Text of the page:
Monday, April 28, 2014

Terrestrial Worlds may be Able to Form in a Exoplanet System With a Hot Jupiter

N-body Simulations of Terrestrial Planet Formation under the Influence of a Hot Jupiter


Ogihara et al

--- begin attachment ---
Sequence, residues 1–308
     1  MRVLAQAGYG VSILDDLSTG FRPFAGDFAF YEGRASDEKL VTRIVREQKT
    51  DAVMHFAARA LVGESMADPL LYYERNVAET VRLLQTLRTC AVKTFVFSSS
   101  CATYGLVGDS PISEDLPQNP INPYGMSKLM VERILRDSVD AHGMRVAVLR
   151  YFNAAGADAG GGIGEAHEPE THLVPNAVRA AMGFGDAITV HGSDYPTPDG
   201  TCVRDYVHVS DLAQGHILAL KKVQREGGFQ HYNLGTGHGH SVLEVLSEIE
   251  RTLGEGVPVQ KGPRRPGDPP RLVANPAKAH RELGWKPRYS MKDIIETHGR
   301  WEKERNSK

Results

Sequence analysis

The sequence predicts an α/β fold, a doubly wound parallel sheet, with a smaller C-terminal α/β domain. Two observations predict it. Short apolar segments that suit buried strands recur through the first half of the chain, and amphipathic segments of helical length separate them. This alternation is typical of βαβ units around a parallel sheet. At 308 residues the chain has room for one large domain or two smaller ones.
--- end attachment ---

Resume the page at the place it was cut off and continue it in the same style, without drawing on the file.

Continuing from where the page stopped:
We investigate the formation of multiple-planet systems in the presence of a hot Jupiter using extended N-body simulations that are performed simultaneously with semi-analytic calculations. Our primary aims are to describe the planet formation process starting from planetesimals using high-resolution simulations, and to examine the dependences of the architecture of planetary systems on input parameters (e.g., disk mass, disk viscosity). We observe that protoplanets that arise from oligarchic growth and undergo type I migration stop migrating when they join a chain of resonant planets outside the orbit of a hot Jupiter. The formation of a resonant chain is almost independent of our model parameters, and is thus a robust process. At the end of our simulations, several terrestrial planets remain at around 0.1 AU. The formed planets are not equal-mass; the largest planet constitutes more than 50 percent of the total mass in the close-in region, which is also less dependent on parameters. In the previous work of this paper (Ogihara et al. 2013), we have found a new physical mechanism of induced migration of the hot Jupiter, which is called a crowding-out. If the hot Jupiter opens up a wide gap in the disk (e.g., owing to low disk viscosity), crowding-out becomes less efficient and the hot Jupiter remains. We also discuss angular momentum transfer between the planets and disk.

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